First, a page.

The final transformation is evidenced by three practices of the early church. The first practice involved believers being baptized to symbolize the death to old sinful ways and being raised to a new life in Christ. The second practice was the sacrament of the Lord’s Supper, which was a symbol of Jesus’s life given for all who would believe. Neither of these observances would serve a point, without the resurrection, leading to the third practice of observing Sunday as the new holy day. Groothuis explains, “Very quickly after the death of Jesus, the early church began meeting on Sunday, the first day of the week, [which] went against the religious grain of Jewish observance that honored Saturday, the seventh day, as the Sabbath ordained by God.” Because of the resurrection, the early church chose to meet on Sunday in honor of the risen Lord.
Alternative naturalistic explanations for the life, death, and resurrection of Jesus all fail, as Francis Schaeffer demonstrates, “For the supernatural was so intertwined with the rest [of Jesus’s life] that, if they ripped out all the supernatural… no historical Jesus remained; [and] if they kept the historical Jesus, the supernatural remained as well.” Thus, Blaise Pascal presents the dichotomy of: “If Christ be not raised, the disciples were either innocently deceived or culpable deceivers.” The most common argumentation, according to Groothuis is, “The resurrection appearances were hallucinations of some kind and not objectively real, which meant this visionary encounter needs to be explained supernaturally (Christ is risen) or naturally (the disciples were deceived.)” With so many appearances to so many different people, this theory seems hard to defend, especially given the empty tomb. Nonetheless, hallucination theory has seen a recent renewal in some scholarly circles.
A second explanation rests on the existence of a Christian conspiracy. For such a thing to exist, there must be both motive and the means to carry it out. While there could conceivably be motive, there would be no means by which the disciples could carry out such a deception and as Pascal noted, “The human heart is too weak to perpetuate a known falsehood under such intense pressures to recant.” Another conspiracy theory rests on the tomb being empty due to the disciples stealing the body of Jesus or from grave robbers. Once again, this theory of a corpse heist fails due to the Roman guards who were positioned to stop just such a thing from happening. As Groothuis further demonstrates, “Even if theft could explain the empty tomb (which it cannot), the appearances of Jesus still demand a sufficient explanation.”
The alternative naturalistic explanation, which presents the greatest challenge, is always going to be one rooted in the will to disbelieve. Some scholars any many atheists argue over discrepancies found in the Gospel accounts, maintaining these are grounds that they are fiction. The best response according to Groothuis is, “Some minor differences in the telling of this story indicates authenticity, not substantial error and if each account perfectly mirrored the rest, this would likely be a sign of collusion, not accurate history told from differing perspectives.” The best way then to handle any naturalistic explanation opposing the miraculous resurrection of the risen Lord is to first find common ground, address various differences, and then present the gospel and all the documentary and circumstantial evidence available in a loving and caring way. It is important to remember “Only the fool says in his heart there is no God,” but it is equally important to remember all were once lost and that Christ gave His life when all were still sinners.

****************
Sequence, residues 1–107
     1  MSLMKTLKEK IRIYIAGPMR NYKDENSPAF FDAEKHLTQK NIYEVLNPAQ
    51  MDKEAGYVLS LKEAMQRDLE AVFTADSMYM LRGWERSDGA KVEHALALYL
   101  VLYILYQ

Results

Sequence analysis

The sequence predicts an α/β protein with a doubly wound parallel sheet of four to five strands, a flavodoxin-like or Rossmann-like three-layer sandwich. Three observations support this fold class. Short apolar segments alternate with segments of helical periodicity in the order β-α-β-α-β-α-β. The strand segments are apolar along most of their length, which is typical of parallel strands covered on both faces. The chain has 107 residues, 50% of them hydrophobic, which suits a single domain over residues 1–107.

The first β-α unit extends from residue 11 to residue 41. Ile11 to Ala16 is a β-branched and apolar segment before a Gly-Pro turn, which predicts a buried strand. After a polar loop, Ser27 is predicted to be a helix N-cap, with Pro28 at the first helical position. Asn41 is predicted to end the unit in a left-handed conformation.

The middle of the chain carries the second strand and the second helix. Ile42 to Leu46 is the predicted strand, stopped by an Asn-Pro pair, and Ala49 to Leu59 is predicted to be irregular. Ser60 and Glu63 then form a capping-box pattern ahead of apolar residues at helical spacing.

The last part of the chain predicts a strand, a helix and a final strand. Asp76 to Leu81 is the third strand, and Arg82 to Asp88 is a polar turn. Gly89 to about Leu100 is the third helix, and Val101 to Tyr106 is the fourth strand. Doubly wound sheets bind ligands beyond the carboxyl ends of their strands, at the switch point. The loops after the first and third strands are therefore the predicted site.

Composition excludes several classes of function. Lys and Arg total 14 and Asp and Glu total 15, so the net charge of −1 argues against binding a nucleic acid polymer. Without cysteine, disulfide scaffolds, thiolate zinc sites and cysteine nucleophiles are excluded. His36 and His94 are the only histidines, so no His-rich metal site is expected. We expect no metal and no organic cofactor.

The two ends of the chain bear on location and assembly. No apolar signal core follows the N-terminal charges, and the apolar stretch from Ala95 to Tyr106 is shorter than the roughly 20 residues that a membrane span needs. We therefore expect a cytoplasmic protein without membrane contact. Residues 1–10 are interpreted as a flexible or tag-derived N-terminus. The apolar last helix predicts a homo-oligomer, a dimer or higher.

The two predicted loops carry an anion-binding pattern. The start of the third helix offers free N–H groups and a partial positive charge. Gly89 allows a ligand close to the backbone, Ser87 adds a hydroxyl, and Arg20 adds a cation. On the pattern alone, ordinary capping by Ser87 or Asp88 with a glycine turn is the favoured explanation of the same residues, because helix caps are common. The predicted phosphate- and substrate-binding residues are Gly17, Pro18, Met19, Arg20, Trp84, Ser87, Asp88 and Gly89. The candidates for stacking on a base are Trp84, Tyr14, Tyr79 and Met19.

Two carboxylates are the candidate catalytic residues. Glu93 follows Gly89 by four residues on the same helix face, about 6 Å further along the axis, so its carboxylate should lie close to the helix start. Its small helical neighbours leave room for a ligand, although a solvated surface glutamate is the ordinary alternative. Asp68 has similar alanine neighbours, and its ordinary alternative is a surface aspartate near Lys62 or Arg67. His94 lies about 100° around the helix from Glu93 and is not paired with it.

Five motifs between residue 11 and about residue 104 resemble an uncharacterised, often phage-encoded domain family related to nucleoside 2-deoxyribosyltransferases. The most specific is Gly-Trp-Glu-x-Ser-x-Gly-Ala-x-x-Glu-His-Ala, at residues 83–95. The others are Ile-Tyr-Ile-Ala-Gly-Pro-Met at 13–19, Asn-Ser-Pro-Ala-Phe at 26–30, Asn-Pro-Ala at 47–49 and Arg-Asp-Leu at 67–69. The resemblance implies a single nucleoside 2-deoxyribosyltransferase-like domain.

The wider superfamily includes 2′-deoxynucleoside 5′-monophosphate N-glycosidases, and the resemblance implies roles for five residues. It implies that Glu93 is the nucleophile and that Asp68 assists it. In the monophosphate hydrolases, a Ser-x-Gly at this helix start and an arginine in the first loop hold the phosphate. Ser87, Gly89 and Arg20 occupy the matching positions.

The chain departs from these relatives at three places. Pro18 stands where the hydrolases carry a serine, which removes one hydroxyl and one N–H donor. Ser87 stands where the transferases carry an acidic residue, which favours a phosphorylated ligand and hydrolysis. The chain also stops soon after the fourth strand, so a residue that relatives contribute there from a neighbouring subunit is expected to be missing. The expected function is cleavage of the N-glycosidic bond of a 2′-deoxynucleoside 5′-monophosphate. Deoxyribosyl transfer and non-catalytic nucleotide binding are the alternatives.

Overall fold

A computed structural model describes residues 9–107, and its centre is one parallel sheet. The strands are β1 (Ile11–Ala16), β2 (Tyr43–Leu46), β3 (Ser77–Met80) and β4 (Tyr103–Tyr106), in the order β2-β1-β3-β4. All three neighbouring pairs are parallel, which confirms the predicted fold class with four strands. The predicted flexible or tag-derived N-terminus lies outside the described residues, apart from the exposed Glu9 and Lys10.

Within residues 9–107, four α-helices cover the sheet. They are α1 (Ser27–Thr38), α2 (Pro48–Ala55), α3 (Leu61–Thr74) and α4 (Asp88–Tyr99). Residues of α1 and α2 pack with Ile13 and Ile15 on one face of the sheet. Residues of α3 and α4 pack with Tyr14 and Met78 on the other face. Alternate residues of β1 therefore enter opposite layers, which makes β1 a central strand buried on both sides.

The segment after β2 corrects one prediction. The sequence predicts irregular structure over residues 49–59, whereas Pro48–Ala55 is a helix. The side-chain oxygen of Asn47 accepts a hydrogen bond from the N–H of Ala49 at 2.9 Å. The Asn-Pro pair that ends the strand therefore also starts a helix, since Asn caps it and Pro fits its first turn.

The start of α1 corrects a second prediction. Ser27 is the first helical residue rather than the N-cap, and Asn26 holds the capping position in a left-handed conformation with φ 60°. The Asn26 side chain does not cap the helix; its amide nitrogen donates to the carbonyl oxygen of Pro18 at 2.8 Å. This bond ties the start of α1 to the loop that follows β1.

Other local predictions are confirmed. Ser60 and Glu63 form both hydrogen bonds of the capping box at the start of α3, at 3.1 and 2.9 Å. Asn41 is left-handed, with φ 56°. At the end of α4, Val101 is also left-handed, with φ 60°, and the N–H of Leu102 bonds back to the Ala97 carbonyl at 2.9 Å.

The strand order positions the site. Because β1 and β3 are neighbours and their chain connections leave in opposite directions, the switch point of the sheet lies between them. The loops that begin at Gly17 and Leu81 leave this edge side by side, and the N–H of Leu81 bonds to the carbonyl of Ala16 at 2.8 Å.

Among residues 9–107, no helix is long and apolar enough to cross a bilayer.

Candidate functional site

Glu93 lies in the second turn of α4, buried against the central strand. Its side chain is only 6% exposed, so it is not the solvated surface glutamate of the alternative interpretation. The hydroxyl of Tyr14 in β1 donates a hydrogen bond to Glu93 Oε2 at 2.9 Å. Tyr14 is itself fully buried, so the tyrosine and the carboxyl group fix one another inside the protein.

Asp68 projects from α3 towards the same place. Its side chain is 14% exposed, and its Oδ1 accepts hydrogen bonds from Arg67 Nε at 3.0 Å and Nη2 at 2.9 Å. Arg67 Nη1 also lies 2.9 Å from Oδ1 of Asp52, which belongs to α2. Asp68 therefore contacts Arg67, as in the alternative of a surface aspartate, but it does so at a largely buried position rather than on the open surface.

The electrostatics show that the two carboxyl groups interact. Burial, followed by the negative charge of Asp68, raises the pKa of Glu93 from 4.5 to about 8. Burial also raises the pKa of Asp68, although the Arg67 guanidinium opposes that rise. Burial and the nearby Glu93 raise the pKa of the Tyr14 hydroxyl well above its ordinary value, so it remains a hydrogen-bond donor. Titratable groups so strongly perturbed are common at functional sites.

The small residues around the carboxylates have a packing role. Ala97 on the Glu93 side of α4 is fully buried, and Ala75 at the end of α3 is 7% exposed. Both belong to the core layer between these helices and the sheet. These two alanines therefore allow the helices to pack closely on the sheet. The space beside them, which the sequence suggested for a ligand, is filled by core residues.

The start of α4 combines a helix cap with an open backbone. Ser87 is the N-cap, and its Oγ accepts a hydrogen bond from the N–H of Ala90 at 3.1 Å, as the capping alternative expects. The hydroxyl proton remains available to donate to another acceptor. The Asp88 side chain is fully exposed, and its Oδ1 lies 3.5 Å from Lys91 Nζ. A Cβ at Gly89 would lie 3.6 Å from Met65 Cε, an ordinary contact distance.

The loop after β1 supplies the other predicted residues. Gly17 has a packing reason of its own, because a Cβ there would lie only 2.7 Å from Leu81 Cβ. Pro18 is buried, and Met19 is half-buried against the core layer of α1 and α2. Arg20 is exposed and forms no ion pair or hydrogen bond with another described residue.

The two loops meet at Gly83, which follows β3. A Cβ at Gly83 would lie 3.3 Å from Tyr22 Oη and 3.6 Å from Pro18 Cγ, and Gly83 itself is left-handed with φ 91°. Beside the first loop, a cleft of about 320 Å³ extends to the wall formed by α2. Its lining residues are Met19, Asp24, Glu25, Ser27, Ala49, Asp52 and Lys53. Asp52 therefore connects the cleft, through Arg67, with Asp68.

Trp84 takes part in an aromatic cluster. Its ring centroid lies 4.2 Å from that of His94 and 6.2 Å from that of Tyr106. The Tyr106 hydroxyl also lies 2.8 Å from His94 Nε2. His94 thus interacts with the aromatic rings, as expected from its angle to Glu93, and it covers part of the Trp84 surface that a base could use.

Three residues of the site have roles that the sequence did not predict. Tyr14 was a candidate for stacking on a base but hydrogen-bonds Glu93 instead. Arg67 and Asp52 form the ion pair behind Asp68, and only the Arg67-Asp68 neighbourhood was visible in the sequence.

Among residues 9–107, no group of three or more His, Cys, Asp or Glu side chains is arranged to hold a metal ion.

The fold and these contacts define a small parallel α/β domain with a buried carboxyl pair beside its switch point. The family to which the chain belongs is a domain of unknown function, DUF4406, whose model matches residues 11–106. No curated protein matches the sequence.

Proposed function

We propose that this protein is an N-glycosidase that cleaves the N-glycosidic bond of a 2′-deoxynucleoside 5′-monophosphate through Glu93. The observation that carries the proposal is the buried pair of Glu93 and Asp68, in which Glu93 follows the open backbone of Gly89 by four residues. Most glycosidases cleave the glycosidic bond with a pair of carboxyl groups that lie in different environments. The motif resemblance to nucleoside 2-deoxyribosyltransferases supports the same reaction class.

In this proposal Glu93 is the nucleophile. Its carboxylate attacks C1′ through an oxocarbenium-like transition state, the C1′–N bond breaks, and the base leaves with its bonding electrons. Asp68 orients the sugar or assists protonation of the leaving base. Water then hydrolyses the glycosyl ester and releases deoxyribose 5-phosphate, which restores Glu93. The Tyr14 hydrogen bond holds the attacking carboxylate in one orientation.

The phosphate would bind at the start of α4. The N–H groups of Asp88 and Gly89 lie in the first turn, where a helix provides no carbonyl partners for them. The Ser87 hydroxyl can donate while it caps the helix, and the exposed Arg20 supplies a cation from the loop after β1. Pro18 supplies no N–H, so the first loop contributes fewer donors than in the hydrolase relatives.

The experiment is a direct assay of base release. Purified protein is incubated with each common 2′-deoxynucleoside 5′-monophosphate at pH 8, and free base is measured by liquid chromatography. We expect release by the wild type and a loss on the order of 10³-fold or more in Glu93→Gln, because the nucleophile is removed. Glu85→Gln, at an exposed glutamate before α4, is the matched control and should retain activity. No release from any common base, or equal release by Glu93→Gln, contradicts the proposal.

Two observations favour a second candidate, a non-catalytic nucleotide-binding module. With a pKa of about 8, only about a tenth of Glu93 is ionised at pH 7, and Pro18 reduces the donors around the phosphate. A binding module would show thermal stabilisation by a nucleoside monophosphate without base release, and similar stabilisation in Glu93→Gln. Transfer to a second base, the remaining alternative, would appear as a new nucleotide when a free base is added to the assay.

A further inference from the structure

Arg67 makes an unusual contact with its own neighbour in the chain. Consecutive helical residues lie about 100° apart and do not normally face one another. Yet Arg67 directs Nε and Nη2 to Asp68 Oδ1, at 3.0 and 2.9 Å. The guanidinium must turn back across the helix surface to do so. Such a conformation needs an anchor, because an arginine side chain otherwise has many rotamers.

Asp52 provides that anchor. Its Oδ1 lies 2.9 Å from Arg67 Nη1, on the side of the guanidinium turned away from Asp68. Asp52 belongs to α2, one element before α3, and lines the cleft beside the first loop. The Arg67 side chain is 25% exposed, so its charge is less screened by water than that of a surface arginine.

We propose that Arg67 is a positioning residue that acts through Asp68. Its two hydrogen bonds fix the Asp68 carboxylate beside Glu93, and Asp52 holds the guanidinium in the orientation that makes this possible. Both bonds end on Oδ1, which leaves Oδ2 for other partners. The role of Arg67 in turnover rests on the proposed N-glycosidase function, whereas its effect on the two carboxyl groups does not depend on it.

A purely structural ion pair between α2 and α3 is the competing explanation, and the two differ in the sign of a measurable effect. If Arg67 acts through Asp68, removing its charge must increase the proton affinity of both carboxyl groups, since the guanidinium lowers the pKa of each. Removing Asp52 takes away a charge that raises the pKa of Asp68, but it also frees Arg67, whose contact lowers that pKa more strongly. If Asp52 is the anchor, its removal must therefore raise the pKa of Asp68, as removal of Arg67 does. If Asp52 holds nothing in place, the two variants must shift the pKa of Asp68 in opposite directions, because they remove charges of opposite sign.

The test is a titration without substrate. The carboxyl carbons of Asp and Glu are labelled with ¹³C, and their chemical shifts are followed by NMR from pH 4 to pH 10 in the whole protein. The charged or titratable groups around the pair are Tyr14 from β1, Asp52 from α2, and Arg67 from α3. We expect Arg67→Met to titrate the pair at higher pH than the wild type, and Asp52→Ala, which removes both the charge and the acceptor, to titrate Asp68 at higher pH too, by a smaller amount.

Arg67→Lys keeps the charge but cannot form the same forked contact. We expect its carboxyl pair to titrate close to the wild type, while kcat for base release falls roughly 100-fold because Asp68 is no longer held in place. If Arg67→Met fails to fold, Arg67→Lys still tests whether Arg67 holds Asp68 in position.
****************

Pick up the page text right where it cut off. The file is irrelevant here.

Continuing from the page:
Edwards, William D., Wesley J. Gabel, and Floyd E. Hosmer, “On the Physical Death of Jesus Christ,” Journal of the American Medical Association. 255, no. 11 (1986): 1463.
Groothuis, Douglas. Christian Apologetics: A Comprehensive Case for Biblical Faith. Downers Grove, IL: InterVarsity Press, 2011.
Moule, C. F. D. The Phenomenon of the New Testament. Naperville, IL: Alec R. Allenson, 1967.
Pascal, Blaise. Pensées 322/802, Ed. and Trans. Alban Krailsheimer. New York, NY: Penguin, 1966
Schaeffer, Francis. The God Who Is There, 30th Anniversary Edition. Downers Grove, IL: InterVarsity Press, 1998.
Wright, N.T. Surprised by Hope: Rethinking Heaven, the Resurrection, and the Mission of the Church. San Francisco, CA: Harper One, 2008.
 Douglas Groothuis, Christian Apologetics: A Comprehensive Case for Biblical Faith (Downers Grove, IL: InterVarsity Press, 2011), 528-529.
 N.T. Wright, Surprised by Hope: Rethinking Heaven, the Resurrection, and the Mission of the Church (San Francisco, CA: Harper One, 2008), 67.
 Groothuis, Christian Apologetics, 535.
 Swoon theory is belief that Jesus either was not crucified, or that He survived and is buried in India.
 William D. Edwards, Wesley J. Gabel, and Floyd E. Hosmer, “On the Physical Death of Jesus Christ,” Journal of the American Medical Association, 255, no. 11 (1986): 1463.
 Edwards et al., “On the Physical Death of Jesus Christ,” 1460.
 Matthew 27:57-61; Mark 15:42-47; and John 19:38-42
 Groothuis, Christian Apologetics, 543.
 Groothuis, Christian Apologetics, 548.
 John 20:10-18
 Matthew 28:1-10
 Luke 24:34 and 1 Corinthians 15:5
 Luke 24:13-35
 Luke 24:36-49
 John 20:24-31
 John 21
 Matthew 28:16-20
 1 Corinthians 15:6
 1 Corinthians 15:7
 Acts 1:4-8
 Acts 9:1-9 and 1 Corinthians 15:8; 9:1
 Groothuis, Christian Apologetics, 551.
 Groothuis, Christian Apologetics, 551.
 C. F. D. Moule, The Phenomenon of the New Testament (Naperville, IL: Alec R. Allenson, 1967), 13.
 Philippians 2:5-11
 Translates as to trust or to surrender completely.
 Acts 20:7 and 1 Corinthians 16:1-2
 Groothuis, Christian Apologetics, 554.
 Francis Schaeffer, The God Who Is There, 30th Anniversary ed. (Downers Grove, IL: InterVarsity Press, 1998), 72.
 Blaise Pascal, Pensées 322/802, ed. and trans. Alban Krailsheimer (New York, NY: Penguin, 1966), 127.
 Groothuis, Christian Apologetics, 556.
 Pascal, Pensées 310/801, 125.
 Groothuis, Christian Apologetics, 561.
 Groothuis, Christian Apologetics, 562.
 Psalm 14:1